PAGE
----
- On Monday, the United Kingdom largely scrapped an algorithm that was created to predict students’ scores on college and university entrance exams.
- Originally, the UK asked teachers to provide predicted scores for students as exams were canceled due to the ongoing COVID-19 pandemic.
- The education regulator, Ofqual, later overrode those predictions after saying that teachers had been too optimistic with grades. It then used an algorithm to reissue students’ scores, which caused 40% of students to see a drop in their results.
- The algorithm was also found to have disenfranchised students from disadvantaged and more diverse schools.
- Now, Ofqual will again reissue scores to students based on whichever is higher: their teachers’ prediction or the algorithm’s estimate.
UK Asks Teachers to Estimate Students’ Grades, Then Changes Them
The United Kingdom is now backtracking on a highly controversial algorithm because its results threatened university admissions offers for tens of thousands of students.
The situation came after the government, seeking a way to preserve long-standing college admissions requirements, issued mock scores to students for their A-level exams. Mock scores were given to students because the ongoing COVID-19 pandemic forced schools in the UK to close in March; as a result, the exams weren’t held.
Instead, teachers were instructed to predict what they believed students would have made on the exams. Alongside that, they also submitted students’ class ranks.
Those estimates were then sent to and reviewed by the education regulator Ofqual, which later determined that teachers had been too optimistic about their students’ scores. In turn, regulators worried that those predictions would lead to “grade inflation.”
Instead, Ofqual seemed to rip a page straight out of a dystopian novel by creating an algorithm that predicted what students would have made on a test they never took.
Algorithm Found to Benefit Students At Elite Schools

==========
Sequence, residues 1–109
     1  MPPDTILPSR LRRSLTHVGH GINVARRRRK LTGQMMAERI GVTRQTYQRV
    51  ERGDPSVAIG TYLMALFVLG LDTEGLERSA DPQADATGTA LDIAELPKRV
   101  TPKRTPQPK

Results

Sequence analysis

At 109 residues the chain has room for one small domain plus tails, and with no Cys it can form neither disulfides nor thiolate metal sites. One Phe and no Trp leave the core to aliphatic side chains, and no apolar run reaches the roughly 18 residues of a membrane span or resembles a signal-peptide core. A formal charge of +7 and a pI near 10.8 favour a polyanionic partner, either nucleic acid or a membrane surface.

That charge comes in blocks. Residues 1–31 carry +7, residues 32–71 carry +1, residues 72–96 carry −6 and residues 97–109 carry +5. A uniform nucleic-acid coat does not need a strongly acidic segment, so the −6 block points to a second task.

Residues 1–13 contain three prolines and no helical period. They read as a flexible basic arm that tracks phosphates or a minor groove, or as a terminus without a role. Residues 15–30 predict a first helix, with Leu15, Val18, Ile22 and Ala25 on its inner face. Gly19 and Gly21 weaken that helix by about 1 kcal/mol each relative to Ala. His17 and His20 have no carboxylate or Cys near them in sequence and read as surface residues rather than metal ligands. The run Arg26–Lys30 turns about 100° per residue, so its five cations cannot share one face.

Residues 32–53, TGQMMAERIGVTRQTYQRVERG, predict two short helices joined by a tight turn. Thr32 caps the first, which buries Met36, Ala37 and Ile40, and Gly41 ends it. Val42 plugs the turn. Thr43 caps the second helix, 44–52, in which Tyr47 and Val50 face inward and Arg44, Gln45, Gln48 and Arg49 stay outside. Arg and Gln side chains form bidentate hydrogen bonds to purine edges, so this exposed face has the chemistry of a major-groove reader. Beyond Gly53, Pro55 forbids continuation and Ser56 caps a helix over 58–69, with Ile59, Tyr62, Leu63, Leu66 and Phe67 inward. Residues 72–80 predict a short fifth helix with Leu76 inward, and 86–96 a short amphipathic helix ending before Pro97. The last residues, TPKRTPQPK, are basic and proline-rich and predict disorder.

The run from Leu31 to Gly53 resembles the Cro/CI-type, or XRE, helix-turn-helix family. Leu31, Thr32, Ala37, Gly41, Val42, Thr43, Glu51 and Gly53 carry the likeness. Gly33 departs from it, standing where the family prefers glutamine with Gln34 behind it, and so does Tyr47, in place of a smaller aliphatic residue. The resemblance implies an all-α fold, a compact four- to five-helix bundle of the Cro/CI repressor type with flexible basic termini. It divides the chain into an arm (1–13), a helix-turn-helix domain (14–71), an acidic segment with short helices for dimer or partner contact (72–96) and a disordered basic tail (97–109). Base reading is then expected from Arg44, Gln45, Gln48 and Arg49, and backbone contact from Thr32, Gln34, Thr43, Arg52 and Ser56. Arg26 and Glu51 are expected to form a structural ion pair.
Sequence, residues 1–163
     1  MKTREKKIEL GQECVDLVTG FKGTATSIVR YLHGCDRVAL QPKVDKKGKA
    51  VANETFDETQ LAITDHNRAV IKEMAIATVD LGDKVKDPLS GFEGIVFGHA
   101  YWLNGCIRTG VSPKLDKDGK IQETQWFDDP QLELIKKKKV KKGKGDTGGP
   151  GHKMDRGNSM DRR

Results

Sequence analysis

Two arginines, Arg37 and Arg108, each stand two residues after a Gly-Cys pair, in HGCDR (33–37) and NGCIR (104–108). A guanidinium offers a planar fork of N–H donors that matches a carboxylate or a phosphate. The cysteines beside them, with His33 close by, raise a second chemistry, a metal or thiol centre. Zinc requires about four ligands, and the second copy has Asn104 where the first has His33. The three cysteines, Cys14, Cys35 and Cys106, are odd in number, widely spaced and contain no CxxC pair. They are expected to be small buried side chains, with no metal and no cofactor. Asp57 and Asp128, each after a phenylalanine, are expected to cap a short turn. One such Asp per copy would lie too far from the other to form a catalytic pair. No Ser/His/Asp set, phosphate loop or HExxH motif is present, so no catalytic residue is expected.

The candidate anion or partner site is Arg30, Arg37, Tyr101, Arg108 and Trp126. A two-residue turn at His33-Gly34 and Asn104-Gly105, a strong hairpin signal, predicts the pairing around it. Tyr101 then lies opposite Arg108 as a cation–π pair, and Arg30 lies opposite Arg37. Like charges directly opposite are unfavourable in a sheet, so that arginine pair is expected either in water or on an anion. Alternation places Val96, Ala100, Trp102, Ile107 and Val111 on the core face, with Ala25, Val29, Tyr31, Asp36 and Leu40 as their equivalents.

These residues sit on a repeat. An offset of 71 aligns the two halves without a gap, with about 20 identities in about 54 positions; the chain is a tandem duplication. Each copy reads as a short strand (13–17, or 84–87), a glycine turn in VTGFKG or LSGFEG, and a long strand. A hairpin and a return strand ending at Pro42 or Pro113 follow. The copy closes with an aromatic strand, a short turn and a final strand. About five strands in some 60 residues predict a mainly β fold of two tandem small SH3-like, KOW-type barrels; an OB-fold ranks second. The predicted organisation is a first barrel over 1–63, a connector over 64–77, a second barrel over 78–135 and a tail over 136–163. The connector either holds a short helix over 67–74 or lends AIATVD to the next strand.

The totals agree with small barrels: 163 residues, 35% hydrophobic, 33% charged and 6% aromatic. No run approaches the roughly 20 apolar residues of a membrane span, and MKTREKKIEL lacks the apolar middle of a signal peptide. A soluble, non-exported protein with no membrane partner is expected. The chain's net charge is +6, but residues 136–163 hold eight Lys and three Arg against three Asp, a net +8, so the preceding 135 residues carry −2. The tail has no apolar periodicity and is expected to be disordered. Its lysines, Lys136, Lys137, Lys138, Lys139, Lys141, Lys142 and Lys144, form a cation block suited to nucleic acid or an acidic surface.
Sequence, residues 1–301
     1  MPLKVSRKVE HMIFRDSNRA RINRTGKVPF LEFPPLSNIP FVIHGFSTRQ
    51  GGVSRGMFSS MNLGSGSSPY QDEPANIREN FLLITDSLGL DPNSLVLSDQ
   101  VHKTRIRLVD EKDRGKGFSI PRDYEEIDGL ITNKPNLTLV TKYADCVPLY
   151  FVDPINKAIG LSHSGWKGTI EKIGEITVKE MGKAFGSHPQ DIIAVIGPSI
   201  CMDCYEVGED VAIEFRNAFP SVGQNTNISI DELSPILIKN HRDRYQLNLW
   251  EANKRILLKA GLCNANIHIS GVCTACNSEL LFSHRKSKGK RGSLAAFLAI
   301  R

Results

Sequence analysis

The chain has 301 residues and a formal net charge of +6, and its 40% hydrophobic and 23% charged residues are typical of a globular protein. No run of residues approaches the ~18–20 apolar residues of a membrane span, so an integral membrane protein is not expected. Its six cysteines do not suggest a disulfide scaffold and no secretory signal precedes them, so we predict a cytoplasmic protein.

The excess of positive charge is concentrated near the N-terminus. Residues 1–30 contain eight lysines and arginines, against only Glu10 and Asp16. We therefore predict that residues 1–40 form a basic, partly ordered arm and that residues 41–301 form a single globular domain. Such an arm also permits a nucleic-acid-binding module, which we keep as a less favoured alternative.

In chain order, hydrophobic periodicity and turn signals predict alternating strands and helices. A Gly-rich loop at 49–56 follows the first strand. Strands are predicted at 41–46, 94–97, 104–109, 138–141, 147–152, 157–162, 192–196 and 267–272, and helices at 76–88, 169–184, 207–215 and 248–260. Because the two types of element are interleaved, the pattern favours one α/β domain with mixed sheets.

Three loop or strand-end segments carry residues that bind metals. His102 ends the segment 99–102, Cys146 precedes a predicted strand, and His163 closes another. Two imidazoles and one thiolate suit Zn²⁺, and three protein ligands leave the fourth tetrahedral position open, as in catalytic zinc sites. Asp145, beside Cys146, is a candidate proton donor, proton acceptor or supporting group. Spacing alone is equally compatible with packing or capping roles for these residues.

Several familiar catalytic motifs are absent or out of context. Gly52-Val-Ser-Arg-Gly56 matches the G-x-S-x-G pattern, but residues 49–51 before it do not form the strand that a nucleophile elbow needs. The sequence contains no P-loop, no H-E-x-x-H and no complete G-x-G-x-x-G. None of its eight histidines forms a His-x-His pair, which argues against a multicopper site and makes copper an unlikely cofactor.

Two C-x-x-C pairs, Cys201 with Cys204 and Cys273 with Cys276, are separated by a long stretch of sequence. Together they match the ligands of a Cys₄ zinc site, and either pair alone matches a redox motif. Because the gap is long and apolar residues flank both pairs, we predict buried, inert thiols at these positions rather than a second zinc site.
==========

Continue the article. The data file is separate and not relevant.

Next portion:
The results of that algorithm, which were issued Thursday, led to 40% of students (roughly 280,000 students) having their scores downgraded, most by a single letter grade. Only 2% of students saw an increase in their scores.
The algorithm also seemed to hide a more sinister secret: it appeared to benefit private school students over those attending public school. In fact, according to the results, twice as many private school students were awarded A’s compared to their public school counterparts.
Critics also argued that because the algorithm placed an abstract amount of importance on schools’ historical performances, it disenfranchised students from less wealthy and poorer-performing schools — even if specific students had excelled. In many instances, these new results directly hurt students from more disadvantaged and diverse schools.
The results of A-level exams are critical for students since, many times, they need to achieve a benchmark grade to even be considered at certain universities. For tens of thousands of students, these results threatened those chances — even if they had already received acceptance offers.
Speaking to The Washington Post, Maimuna Hassan said she had been accepted to both Cambridge University and Imperial College London, two of the best schools in the UK; however, both offers were contingent on Hassan being awarded no less than straight A’s on her A-level exams.